How many people, when asked for impressions of Bible-believing Christians, would choose words like “generous” and “compassionate” and “sacrificial”? According to studies, the answer is: almost none. We can’t blame it all on bad press. It’s time to look in the mirror.
Yes, it is true that American Christians give more than American non-Christians. But it’s hardly time to pat ourselves on the back. Christians only give 2.43 percent per capita. They gave one third more of their wealth during the Great Depression. In fact, data shows unambiguously that in the past forty years, as American Christians have grown wealthier and wealthier, their debt has grown larger and larger, and their giving smaller and smaller. As one observer writes, “For Christians in the richest nation in history to be giving only 2.43 percent of their income to their churches is not just stinginess, it is biblical disobedience.”
In a culture where constant consumerism and extravagant excess are celebrated and advertised, even promoted as a patriotic duty, the profound need arose for ministries that could provide solid biblical counsel on how wealthy Christians could steward their wealth and not-so-wealthy Christians could escape debt. These are worthy goals and worthwhile ministries. Some have done exceptional work.
Still, some piece of the puzzle is missing. Church giving has not risen, “stewardship” campaigns are like pulling teeth, and the “Generosity Movement” has been limited and largely confined to the wealthy.
When the battle is being lost—and it is—we question the strategy. And, we should. After all, generosity and stewardship is not about money in the first place. It’s about something deeper than that. It’s about our image of what it means to be a follower of Jesus.
Sure, you may be less stingy than your neighbor. But we’re not called to live a little better than the Scrooge down the street. We’re not called merely to live debt-free. We’re not even called to live like no one else. We’re called to live like Jesus.
The questions are not: Are you a satisfactory steward? Or can you be guilt-tripped into giving more? The questions are: Are you generous like Jesus? Are you yearning to live a Christ-like life of abundant self-giving?
When we have more, and give less, than ever before, something is amiss in our hearts, and in the vision of gospel living that animates our churches. We view tithing as a dusty old rule, a two-thousand-year-long guilt trip to nowhere. We view generosity as a luxury of the rich, like sailing and wearing plaid shorts at the country club. And we view stewardship as primarily a matter of financial management.
What if generosity is something much more than that? What if generosity is at the heart of God?
The truth is this. We were created in the image of a self-giving God. Our Creator didn’t need us, but our very creation—the creation of all things—was an act of overflowing generosity. We don’t deserve anything. The fact that we have a single moment of life, the fact that we have breath, and food, and families, is because God is generous. And God is so extravagantly generous that He not only gives us being and sustains us in being, not only gives us lives and homes and families and jobs, but even gave us Himself in Jesus Christ, and gave us salvation on the cross and new life in the empty tomb.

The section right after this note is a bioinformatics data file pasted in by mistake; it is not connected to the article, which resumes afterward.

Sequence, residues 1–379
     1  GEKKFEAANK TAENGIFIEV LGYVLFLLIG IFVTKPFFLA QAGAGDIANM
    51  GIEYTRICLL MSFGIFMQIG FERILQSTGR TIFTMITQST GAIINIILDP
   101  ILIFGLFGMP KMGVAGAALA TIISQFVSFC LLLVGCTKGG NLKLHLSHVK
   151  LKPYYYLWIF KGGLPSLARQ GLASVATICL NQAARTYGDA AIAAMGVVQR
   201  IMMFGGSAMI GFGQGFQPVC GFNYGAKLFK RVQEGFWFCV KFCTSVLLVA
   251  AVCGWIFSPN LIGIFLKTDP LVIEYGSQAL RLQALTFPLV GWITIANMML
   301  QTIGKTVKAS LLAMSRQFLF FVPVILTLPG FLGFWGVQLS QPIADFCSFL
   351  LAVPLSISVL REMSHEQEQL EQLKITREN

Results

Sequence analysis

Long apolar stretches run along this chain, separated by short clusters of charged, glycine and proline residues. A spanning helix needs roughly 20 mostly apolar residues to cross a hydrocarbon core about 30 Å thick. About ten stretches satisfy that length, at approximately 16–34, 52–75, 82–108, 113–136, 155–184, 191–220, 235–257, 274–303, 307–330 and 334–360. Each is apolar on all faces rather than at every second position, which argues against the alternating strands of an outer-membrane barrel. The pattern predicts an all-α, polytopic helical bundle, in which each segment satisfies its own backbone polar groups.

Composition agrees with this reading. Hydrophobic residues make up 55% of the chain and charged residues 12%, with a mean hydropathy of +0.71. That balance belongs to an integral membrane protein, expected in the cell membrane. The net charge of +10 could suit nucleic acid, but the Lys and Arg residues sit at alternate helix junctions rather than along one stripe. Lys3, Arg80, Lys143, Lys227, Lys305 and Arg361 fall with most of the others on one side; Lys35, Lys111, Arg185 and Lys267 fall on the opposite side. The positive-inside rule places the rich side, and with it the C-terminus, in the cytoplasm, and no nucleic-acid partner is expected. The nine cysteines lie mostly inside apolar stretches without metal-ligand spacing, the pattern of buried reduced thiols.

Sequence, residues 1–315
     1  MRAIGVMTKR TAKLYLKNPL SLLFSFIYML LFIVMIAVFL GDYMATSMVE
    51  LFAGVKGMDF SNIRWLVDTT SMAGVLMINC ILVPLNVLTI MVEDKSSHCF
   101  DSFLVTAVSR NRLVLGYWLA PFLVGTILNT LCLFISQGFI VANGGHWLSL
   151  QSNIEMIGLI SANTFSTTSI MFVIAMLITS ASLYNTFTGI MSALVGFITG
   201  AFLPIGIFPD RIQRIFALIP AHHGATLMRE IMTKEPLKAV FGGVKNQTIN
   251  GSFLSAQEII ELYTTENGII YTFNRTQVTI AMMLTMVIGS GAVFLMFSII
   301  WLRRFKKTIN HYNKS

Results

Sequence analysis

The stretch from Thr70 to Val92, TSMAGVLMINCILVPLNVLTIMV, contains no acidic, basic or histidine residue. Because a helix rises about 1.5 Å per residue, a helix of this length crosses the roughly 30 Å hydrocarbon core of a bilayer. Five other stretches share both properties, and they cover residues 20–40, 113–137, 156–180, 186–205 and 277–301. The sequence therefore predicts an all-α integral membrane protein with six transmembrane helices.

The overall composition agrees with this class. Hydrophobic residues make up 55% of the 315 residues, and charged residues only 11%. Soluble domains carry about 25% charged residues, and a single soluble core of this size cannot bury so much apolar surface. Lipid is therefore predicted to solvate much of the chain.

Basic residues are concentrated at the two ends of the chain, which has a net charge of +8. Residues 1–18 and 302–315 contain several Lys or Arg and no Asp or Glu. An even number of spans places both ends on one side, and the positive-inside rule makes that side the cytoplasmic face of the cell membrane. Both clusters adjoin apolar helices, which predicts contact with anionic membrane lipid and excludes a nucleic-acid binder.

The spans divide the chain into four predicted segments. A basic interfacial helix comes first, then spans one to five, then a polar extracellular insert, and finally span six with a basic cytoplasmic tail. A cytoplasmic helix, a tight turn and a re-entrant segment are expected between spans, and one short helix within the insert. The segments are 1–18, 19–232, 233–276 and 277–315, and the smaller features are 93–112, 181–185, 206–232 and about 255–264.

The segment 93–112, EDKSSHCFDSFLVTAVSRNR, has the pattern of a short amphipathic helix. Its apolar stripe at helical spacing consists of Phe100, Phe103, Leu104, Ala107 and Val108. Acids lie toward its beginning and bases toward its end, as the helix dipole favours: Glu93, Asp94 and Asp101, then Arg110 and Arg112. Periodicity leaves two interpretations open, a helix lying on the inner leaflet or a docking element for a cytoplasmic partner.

God’s generosity is unlimited because His love is unending and His storehouse of blessings is abundant—and so our generosity should be unlimited because His love is unending and His storehouse of blessings is abundant.
In other words, generosity is not something we can choose, or choose not, to do. It is who we are, who we are created to be. God gave us to ourselves so that we could give ourselves to one another. God gave Himself to us in Christ, so that we could give Christ in us to others. Generosity, in other words, is at the heart of our creation, our salvation, and our purpose.
That’s why we set out to Reimagine Generosity. What would it look like, we wondered, to resource pastors and churches with materials that help talk about generosity from a wholistic perspective – not a topic with a silo around finance? What would it look like to walk people on a path from transactional to relational to sacrificial generosity – the kind of generosity we see modeled in the life of Christ?
The results we began to see were extraordinary. We barely talked about money—we talked about the heart—but churches started giving multiples more than they had ever given before. Stories poured in of people showing extravagant generosity with their possessions. But not only money. Volunteerism soared. People gave of themselves in ways that were at times intuitive and at other times entirely surprising. Church cultures started to change.
So now, we are trying to get the word out: Generosity is the new apologetic. It’s the antidote to the devouring poison of materialism. It’s the tangible expression of God’s love in the world. Generosity is at the heart of the Christian life. Generosity like Jesus is not a criterion to make us feel bad about ourselves. It’s an invitation to be ourselves, to become who we are, to live the life that is truly life.
It is time to Reimagine Generosity.